William Owens, Pitman, William D., Nipper, W. Allen, Blazier, Michael | 5/7/2010 12:21:47 AM
Hill Farm Research Focus is to enhance research in:
The Hill Farm Research Station has a long history of conducting research to support the Louisiana beef cattle industry. Past research has involved various aspects of beef cattle management and breeding to enhance productivity and profitability of cow-calf enterprises in pasture-based production systems. Parasite control programs and grazing strategies for stocker cattle programs and replacement heifer development have also been studied. Continuing research will include studies evaluating feed efficiency and diets in stocker cattle, impacts of feed efficiency on cow/calf production, and nutritional impacts on fertility. The goals of these studies are to identify evaluation of opportunities to reduce inputs and increase production efficiency to maintain profitability of beef cattle production.
Forage research at the Hill Farm Research Station has provided improved varieties, fertilizer recommendations and weed control approaches for highly productive Bermuda grass pasture and hay production. Recommendations for use of poultry litter as a pasture fertilizer, while maintaining quality of runoff water, are also important contributions of past forage research at the Hill Farm. Current forage research involves assessment of approaches for using various additional forage species, including legumes, to complement forage systems based on the warm-season perennial grasses Bermuda grass and Bahia grass.
The current forestry program at the Hill Farm Research Station involves both research and extension components, which are expanding on a base of long-term research supporting production of pulpwood, timber, and agroforestry grazing. Research on planting, harvesting, fertility improvement, and agroforestry practices for loblolly pine and upland hardwood plantations and agroforests is ongoing to enhance profitability and environmental benefits of forestlands of Louisiana.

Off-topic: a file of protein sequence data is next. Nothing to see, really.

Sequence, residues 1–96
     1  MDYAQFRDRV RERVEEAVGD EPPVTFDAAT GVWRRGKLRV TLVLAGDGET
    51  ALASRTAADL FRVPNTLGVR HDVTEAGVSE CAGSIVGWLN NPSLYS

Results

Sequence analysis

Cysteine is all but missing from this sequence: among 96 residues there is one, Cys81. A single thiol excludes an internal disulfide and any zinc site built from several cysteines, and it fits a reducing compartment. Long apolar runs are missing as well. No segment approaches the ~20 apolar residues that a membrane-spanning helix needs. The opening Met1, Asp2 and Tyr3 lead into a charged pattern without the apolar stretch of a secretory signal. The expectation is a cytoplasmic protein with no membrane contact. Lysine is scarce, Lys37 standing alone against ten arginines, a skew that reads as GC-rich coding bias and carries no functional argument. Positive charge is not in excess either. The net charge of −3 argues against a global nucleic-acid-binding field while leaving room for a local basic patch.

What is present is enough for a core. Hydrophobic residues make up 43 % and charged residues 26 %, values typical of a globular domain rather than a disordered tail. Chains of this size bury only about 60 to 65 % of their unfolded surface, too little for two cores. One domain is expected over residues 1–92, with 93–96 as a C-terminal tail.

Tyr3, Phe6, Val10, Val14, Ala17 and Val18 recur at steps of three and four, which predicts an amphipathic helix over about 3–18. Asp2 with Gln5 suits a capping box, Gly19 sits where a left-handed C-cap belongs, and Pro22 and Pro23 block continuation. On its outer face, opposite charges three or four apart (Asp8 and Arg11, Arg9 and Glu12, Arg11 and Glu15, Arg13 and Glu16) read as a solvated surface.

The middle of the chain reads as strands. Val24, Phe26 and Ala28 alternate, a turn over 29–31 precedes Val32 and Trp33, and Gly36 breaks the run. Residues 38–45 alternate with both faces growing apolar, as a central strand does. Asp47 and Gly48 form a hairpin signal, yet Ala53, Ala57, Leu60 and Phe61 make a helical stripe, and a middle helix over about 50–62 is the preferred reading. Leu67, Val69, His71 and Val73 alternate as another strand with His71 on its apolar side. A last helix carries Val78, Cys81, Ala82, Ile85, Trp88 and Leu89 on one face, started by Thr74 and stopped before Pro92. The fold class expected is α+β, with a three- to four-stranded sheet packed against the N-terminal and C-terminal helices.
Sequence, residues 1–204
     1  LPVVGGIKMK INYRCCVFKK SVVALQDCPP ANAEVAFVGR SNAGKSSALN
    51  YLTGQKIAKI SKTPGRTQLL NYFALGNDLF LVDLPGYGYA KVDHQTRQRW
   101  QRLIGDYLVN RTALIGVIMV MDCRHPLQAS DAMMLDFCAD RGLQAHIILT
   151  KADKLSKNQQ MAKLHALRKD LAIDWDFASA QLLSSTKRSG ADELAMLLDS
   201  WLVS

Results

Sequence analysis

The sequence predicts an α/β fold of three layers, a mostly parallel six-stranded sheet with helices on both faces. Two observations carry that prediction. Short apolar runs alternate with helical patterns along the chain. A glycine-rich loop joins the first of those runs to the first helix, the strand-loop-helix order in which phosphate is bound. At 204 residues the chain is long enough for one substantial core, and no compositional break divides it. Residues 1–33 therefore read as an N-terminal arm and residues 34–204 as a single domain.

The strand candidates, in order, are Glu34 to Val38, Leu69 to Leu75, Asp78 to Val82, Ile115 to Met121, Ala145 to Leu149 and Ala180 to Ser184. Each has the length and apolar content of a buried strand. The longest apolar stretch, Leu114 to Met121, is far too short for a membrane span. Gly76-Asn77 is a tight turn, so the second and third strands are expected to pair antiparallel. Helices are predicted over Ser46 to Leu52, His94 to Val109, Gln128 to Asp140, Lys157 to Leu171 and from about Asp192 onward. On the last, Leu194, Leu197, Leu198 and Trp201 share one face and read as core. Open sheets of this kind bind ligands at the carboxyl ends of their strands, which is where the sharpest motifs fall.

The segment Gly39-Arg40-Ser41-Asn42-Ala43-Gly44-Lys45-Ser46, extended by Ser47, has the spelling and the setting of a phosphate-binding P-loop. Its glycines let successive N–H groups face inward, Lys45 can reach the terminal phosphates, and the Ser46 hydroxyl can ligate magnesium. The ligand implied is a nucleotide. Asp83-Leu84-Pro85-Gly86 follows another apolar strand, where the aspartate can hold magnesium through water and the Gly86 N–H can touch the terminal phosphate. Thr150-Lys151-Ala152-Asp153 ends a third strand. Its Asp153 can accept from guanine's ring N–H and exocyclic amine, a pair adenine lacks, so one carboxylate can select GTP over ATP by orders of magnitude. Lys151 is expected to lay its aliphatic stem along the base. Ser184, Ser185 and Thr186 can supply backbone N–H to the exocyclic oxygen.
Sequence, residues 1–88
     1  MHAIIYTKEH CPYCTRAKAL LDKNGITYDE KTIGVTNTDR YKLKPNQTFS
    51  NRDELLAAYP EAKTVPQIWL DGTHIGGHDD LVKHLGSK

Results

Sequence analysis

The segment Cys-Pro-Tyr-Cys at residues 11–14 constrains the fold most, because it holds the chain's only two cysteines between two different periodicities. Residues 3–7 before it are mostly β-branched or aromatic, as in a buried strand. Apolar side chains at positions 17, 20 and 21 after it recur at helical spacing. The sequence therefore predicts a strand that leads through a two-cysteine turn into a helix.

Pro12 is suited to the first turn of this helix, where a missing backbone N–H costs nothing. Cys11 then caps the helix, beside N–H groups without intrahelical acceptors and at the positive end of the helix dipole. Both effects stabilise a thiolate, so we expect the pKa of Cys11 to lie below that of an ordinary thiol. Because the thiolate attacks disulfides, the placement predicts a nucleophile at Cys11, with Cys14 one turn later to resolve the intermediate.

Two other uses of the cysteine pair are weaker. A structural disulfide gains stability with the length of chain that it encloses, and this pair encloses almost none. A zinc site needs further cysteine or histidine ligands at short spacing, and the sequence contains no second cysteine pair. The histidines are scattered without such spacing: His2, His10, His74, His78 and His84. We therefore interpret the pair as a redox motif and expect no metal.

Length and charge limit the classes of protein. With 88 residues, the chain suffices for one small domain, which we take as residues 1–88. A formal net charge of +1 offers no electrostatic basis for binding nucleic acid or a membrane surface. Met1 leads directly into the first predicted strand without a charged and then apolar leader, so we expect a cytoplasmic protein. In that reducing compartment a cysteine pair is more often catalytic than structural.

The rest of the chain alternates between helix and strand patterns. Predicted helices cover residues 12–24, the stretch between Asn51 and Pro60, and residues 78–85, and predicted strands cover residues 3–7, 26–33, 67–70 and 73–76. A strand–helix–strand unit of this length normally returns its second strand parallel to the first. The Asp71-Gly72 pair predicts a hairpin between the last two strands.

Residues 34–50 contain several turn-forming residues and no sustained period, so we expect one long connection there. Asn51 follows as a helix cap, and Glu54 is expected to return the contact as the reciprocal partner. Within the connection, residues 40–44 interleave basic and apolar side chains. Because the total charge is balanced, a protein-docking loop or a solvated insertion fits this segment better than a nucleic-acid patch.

Bovine mastitis research has been conducted at the Hill Farm Research Station for more than 50 years and continues to serve the dairy producers of Louisiana and the nation. Research on antimicrobial susceptibility of mastitis pathogens, therapeutic products and efficacy of teat dips are current topics of interest. The Louisiana Mycoplasma Mastitis Control Program is evaluating milk samples for the presence of this important and contagious mastitis pathogen.
A new area of research and extension activity at the Hill Farm supports the poultry industry. Two broiler demonstration houses evaluate new poultry production techniques. The initial evaluations compared tube heat with radiant brooders. Temperature sensors, ammonia sensors, humidity sensors and feed scales were used to evaluate the two heat methods. Comparisons were made between the two methods for bird production, bird health and cost of production. In addition, microbiological samples were collected from birds and litter. Organisms are being compared with similar strains from beef, humans and the environment for antimicrobial susceptibility.
A recent NRCS CIG grant is funding evaluations of poultry BMPs including windrowing, and stacking of poultry litter. In addition, fan dust is being evaluated for its impact on water quality. The grant will fund training of extension agents and poultry producers on BMPs and provide opportunities for producers to participate in the Louisiana Master Farmer Program.
Because agricultural practices have the potential to affect water and soil quality, scientists at the Hill Farm Research Station are studying these practices to ensure the continued safety of our water supplies and the food we eat. Guidelines called best management practices are used by dairy, poultry, forestry and beef producers to ensure that agriculture does not negatively affect the environment. Research is being conducted at the Hill Farm Research Station to determine which of these management practices work best. The impact of poultry fan dust is currently being evaluated by collecting water runoff samples near fans to determine the impact of fan dust on runoff water.
Significance of Research
Address: 11959 Hwy 9
Homer, LA 71040
Location: From I-20 : Take the Arcadia/Homer exit (#67), Turn north on Louisiana Highway 9, station office is approximately 16 miles on the right.